Femmes Fatales Mar 8 2013
TIGER WOULD
He hasn’t taken revenge for his friend the leopard yet, but soon… very soon…

Back in the day, one sure ticket into the movie business was to be a star athlete, which is exactly how Anita Lhoest was noticed by Hollywood. After she became the U.S. national 100 meter and 400 meter freestyle champion the producers came knocking. But in the end she made only one movie—Captive Girl—in which she played opposite another former champion athlete Johnny Weissmuller. The photo above is a promo for Captive Girl, with Lhoest aged nineteen. It dates from 1950. 

diggfacebookstumbledelicious

Vintage Pulp Dec 4 2011
SEPIA TONES
The Goddess of Fire goes to Hollywood.

Some treasures are more valuable than others, and for us this issue of the African-American tabloid Sepia published this month in 1954 is one of the better jewels we’ve unearthed. The word “sepia” was used back then as a supposedly hip alternative to "negro," and you may have noticed it in some of the mid-century tabloid pages we’ve posted. The cover star, actress Vera Francis, is referred to as the Goddess of Fire because of her popular calypso act. Francis had become famous first as a Boston model, then made the leap to Hollywood actress, scoring a bit role in 1953’s The President’s Lady (though she's not cited in its IMDB entry, we noticed). She later scored a larger role opposite Johnny Weissmuller in 1955’s Devil Goddess. The Sepia interview discusses her decision to focus on her singing career because film work—which by the way, she reveals paid $125 a day—was very difficult to come by. In the most circumspect fashion, the profile does not hint at the embedded racism of Hollywood that severely limited roles for black women. That isn’t a surprise. The power and allure of Hollywood was such that few would dare to point out its shortcomings—at least if they hoped to work again. Besides the stunning cover (which we’d definitely consider framing if we had a hi-rez canvas print of it) we have four more pages of Vera Francis, plus a centerfold featuring model Maria Piñeda, and as a bonus we even uncovered a promo photo from Devil Goddess. All below.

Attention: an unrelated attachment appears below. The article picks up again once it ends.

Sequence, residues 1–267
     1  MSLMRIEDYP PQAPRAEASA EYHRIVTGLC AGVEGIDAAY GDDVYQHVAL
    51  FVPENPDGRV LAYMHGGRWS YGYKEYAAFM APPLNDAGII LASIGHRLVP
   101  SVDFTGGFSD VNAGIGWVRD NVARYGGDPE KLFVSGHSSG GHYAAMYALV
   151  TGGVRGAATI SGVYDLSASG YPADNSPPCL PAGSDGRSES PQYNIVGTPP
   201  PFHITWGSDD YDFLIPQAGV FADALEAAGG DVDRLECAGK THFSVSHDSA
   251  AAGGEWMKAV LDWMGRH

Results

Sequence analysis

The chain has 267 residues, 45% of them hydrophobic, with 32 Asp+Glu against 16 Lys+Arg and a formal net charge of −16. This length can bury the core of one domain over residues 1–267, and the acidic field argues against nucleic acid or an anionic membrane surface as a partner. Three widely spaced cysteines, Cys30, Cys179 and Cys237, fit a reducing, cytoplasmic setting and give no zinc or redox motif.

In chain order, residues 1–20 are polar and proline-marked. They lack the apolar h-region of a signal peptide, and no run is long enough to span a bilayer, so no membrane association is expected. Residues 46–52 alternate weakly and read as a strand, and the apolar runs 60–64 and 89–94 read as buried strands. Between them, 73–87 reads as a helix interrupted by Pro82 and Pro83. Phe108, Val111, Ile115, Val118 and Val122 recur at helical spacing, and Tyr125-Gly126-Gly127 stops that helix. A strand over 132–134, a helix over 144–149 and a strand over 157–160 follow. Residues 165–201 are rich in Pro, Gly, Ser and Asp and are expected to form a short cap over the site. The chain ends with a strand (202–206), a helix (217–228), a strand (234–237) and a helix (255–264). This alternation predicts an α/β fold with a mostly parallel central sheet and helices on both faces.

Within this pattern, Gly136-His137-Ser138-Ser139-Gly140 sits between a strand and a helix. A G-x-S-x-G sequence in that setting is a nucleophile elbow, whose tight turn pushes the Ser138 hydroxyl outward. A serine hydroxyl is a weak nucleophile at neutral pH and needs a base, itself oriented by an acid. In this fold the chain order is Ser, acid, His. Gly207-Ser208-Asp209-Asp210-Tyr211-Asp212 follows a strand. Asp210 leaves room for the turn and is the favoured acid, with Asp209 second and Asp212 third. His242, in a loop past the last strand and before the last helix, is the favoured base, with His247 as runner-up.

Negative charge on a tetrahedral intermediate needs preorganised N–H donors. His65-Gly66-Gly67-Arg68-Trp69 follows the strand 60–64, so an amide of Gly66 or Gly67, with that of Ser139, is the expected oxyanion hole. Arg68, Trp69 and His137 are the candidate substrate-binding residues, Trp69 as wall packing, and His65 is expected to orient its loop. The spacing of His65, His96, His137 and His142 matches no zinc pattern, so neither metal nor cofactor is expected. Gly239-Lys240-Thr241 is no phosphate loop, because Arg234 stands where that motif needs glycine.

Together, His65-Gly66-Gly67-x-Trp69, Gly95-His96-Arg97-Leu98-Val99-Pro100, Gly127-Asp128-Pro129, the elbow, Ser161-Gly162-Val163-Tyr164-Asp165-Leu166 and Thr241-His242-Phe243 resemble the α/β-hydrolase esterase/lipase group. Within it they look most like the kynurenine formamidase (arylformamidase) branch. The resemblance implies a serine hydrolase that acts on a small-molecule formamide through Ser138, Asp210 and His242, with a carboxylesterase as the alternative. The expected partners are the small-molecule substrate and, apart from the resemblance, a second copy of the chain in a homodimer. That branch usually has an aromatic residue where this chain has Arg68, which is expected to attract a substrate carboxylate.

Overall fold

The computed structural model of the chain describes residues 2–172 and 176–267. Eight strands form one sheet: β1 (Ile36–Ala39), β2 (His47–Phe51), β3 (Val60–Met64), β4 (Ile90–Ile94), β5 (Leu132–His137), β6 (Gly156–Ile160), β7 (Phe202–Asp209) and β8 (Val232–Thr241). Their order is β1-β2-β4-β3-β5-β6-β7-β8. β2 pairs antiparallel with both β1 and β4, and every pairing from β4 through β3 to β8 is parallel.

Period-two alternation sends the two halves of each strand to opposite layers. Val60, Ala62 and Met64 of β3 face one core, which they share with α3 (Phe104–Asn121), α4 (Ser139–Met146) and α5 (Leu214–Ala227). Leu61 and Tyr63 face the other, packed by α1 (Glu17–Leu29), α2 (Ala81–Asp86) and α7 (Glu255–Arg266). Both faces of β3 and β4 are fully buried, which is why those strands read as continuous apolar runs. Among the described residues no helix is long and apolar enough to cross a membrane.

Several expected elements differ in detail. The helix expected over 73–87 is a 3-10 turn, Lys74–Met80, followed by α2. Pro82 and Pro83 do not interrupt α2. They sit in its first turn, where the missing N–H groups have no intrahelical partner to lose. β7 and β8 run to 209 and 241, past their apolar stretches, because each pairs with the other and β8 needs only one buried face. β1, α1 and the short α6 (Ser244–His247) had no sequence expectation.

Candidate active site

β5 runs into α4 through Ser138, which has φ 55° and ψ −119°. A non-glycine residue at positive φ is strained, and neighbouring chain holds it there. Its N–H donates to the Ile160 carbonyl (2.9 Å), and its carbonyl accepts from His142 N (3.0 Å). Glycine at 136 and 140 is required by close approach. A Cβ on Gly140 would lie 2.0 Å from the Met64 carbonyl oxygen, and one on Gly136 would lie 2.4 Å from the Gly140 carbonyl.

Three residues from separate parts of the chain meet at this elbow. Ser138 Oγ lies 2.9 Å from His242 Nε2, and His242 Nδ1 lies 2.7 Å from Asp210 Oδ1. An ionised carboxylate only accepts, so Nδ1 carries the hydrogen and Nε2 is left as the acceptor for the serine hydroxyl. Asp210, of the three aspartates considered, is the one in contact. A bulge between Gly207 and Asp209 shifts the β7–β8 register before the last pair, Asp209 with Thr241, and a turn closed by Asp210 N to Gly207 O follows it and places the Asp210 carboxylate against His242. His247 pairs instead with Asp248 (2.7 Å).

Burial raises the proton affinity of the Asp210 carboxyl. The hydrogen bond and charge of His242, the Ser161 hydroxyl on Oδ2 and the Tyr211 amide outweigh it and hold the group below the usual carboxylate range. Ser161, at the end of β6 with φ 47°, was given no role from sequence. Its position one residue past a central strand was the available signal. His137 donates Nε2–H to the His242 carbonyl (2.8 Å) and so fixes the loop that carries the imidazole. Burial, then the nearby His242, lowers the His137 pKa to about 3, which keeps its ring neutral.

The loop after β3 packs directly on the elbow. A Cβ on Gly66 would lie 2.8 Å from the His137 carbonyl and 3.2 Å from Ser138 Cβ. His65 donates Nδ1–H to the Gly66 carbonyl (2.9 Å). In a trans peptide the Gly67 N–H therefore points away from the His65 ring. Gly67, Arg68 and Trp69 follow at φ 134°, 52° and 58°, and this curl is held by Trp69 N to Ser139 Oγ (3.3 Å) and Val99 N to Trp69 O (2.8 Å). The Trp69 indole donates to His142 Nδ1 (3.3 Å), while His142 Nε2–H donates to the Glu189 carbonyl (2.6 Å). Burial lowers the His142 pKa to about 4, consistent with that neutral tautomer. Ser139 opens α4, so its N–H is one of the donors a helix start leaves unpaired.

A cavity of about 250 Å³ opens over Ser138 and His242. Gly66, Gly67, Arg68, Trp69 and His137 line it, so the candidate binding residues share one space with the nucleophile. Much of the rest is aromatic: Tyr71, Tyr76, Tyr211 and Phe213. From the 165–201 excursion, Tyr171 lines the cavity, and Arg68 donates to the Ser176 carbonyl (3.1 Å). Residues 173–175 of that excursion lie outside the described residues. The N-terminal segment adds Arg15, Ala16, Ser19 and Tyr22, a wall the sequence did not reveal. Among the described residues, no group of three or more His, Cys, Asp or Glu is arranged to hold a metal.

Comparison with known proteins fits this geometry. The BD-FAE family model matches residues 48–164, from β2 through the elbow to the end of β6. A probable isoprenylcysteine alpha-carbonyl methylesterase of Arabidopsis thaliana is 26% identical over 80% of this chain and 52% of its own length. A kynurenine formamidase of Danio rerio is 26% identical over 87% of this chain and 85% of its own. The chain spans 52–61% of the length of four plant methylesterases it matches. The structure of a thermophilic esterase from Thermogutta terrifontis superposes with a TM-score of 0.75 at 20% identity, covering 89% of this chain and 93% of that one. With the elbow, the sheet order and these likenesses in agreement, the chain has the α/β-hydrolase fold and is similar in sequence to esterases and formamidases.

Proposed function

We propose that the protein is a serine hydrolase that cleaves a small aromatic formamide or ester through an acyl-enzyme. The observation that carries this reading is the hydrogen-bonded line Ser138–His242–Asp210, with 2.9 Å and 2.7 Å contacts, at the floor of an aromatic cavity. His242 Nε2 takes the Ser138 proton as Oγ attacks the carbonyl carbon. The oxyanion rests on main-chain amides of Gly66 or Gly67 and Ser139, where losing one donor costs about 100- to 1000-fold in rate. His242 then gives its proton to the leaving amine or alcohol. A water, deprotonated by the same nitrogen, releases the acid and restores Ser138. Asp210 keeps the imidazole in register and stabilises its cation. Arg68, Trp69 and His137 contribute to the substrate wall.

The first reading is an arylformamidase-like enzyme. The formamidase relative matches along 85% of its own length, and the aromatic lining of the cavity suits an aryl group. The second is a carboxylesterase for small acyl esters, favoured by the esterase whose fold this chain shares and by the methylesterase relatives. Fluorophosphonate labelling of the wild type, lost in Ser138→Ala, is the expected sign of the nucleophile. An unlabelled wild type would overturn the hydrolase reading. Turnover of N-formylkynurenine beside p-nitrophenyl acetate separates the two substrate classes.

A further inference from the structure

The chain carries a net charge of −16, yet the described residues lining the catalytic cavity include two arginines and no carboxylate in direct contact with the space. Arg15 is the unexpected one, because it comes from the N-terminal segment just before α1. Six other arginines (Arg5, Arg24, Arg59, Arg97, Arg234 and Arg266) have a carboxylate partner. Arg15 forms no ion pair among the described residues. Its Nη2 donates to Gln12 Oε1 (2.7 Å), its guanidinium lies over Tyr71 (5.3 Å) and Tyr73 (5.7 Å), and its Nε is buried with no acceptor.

diggfacebookstumbledelicious

Vintage Pulp Nov 15 2010
GUIDING LIGHTS
Baby the stars shine bright.


Above, a November 1946 issue of Screen Guide, one of the top U.S. cinema magazines from the late thirties through the fifties, here with cover star Gene Tierney looking her usual flawless self, Gloria Grahame enjoying a sunny perch, Johnny Weissmuller flying high, Hedy Lamarr selling Maybelline, and Ingrid Bergman just being Ingrid Bergman. 

diggfacebookstumbledelicious

Vintage Pulp Aug 27 2010
BROADWAY BILLY ROSE